6. On approving the termination of SARS, I already made it clear that it was in line with our commitment to the implementation of extensive Police reforms.
7. Sadly, the promptness with which we have acted seemed to have been misconstrued as a sign of weakness and twisted by some for their selfish unpatriotic interests.
8. The result of this is clear to all observers: human lives have been lost; acts of sexual violence have been reported; two major correctional facilities were attacked and convicts freed; public and private properties completely destroyed or vandalised; the sanctity of the Palace of a Peace Maker, the Oba of Lagos has been violated. So-called protesters have invaded an International Airport and in the process disrupted the travel plans of fellow Nigerians and our visitors.
9. All these executed in the name of the ENDSARS protests. I am indeed deeply pained that innocent lives have been lost. These tragedies are uncalled for and unnecessary. Certainly, there is no way whatsoever to connect these bad acts to legitimate expression of grievance of the youth of our country.
10. The spreading of deliberate falsehood and misinformation through the social media in particular, that this government is oblivious to the pains and plight of its citizens is a ploy to mislead the unwary within and outside Nigeria into unfair judgement and disruptive behaviour.
11. On the contrary, both our deeds and words have shown how committed this administration has been to the wellbeing and welfare of citizens, even with the steadily dwindling revenues, and the added responsibilities and restrictions due to the Coronavirus pandemic.
12. Government has put in place measures and initiatives principally targeted at youths, women and the most vulnerable groups in our society. These included our broad plan to lift 100 million Nigerians out of poverty in the next 10 years; the creation of N75 billion National Youth Investment Fund to provide opportunities for the youths and the Micro, Small and Medium Enterprises (MSME) Survival Fund, through which government is:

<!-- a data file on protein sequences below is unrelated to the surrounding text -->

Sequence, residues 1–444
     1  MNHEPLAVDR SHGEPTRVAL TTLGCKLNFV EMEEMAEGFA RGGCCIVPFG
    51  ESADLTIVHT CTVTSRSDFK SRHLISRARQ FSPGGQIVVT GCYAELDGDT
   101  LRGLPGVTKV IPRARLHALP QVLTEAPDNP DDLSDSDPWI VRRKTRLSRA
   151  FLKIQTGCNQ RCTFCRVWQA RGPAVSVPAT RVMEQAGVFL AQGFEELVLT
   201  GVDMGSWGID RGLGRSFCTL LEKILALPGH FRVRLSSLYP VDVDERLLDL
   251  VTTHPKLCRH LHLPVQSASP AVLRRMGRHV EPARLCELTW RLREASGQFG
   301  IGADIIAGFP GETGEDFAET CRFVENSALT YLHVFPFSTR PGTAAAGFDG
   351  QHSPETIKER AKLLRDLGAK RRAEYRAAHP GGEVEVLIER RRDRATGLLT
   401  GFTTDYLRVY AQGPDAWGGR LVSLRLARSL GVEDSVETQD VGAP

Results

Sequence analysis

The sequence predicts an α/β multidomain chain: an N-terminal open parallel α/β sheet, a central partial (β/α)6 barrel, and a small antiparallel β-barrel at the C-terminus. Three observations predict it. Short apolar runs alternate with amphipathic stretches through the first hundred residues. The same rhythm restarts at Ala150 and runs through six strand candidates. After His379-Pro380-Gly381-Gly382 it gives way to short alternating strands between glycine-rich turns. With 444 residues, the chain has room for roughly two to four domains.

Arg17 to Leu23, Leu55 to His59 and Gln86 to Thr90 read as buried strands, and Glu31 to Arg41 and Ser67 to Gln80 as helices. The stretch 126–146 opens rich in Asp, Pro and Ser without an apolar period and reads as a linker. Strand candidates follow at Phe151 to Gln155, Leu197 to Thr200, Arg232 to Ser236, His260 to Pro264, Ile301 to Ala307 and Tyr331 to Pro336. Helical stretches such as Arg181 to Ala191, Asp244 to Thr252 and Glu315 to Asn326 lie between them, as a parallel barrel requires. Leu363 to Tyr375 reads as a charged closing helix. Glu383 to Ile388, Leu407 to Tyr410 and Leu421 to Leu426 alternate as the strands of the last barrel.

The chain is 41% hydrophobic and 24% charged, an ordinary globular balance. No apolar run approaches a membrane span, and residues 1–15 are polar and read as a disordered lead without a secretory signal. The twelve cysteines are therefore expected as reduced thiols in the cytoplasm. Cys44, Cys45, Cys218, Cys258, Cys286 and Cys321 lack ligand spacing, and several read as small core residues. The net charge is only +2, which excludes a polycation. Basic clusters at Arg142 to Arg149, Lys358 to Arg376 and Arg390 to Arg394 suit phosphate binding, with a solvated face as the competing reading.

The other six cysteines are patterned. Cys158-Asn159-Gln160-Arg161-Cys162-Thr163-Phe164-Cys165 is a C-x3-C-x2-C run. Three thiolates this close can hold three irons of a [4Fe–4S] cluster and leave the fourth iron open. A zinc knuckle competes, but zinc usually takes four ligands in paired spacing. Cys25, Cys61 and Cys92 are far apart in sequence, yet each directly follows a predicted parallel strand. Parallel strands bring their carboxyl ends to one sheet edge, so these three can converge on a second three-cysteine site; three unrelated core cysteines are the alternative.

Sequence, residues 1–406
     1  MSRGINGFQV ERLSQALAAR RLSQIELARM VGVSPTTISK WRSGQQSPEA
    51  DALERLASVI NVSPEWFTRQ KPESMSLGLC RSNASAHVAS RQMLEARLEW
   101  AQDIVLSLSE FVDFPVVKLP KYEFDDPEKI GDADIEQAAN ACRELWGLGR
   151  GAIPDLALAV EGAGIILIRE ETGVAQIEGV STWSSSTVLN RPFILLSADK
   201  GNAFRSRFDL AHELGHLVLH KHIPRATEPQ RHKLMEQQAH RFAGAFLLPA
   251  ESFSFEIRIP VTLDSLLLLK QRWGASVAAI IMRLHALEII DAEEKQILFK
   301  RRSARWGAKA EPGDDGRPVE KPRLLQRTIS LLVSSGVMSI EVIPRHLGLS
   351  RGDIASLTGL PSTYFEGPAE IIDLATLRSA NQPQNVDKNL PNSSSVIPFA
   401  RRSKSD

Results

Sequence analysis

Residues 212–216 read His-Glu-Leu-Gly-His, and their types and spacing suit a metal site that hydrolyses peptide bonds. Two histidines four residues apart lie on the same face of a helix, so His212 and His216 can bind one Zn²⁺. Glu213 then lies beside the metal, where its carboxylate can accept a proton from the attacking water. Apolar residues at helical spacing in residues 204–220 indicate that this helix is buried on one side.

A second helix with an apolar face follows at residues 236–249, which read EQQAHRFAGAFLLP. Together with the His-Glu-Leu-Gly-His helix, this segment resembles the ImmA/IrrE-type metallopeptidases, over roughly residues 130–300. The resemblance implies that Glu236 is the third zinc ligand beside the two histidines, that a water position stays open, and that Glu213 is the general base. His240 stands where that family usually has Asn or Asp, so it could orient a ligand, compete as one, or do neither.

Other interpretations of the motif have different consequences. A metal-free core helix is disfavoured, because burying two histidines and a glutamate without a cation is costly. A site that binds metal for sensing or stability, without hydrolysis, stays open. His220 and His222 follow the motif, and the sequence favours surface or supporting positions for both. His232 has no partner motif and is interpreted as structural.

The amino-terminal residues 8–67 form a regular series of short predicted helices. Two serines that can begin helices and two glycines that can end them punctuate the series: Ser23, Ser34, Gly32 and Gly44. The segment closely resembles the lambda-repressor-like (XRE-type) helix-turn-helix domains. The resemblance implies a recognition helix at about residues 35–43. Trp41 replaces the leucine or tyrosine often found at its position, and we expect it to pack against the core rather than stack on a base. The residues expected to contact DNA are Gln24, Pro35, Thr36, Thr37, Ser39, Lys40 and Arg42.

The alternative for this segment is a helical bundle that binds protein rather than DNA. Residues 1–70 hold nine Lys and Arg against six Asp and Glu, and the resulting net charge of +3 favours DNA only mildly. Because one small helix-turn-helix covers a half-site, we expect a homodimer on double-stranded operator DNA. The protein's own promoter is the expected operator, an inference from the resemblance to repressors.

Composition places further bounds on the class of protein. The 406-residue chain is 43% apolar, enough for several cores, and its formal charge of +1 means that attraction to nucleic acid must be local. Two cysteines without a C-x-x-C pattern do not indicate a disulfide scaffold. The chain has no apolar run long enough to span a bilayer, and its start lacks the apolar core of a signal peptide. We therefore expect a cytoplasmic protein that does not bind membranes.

a. paying three months salaries of the staff of 100,000 micro, small – and medium – enterprises,
b. paying for the registration of 250,000 businesses at the Corporate Affairs Commission,
c. giving a grant of N30,000 to 100,000 artisans; and
d. guaranteeing market for the products of traders.
13. These are in addition to many other initiatives such as;
e. N-Tech and
14. No Nigerian Government in the past has methodically and seriously approached poverty-alleviation like we have done.
15. With regard to the welfare of police personnel, the National Salaries, Income and Wages Commission has been directed to expedite action on the finalization of the new salary structure of members of the Nigeria Police Force. The emoluments of other paramilitary services are also being reviewed upwards.
16. In order to underscore the importance of education in preparing youths for the future, this administration has come up with a new salary structure and other incentives for our teachers.
17. Let me at this point reaffirm the Federal Government’s commitment to preserving the unity of this country.
18. We will continue to improve good governance and our democratic process, including through sustained engagement.
19. We shall continue to ensure that liberty and freedom, as well as the fundamental rights of all citizens are protected.
20. But remember that government also has the obligation to protect lives and properties, as well as the right of citizens to go about their daily businesses freely and protected from acts of violence.
21. To our neighbours in particular, and members of the international community, many of whom have expressed concern about the ongoing development in Nigeria, we thank you and urge you all to seek to know all the facts available before taking a position or rushing to judgment and making hasty pronouncements.
22. In the circumstances, I would like to appeal to protesters to note and take advantage of the various well-thought-out initiatives of this administration designed to make their lives better and more meaningful, and resist the temptation of being used by some subversive elements to cause chaos with the aim of truncating our nascent democracy.
23. For you to do otherwise will amount to undermining national security and the law and order situation. Under no circumstances will this be tolerated.
24. I therefore call on our youths to discontinue the street protests and constructively engage government in finding solutions. Your voice has been heard loud and clear and we are responding.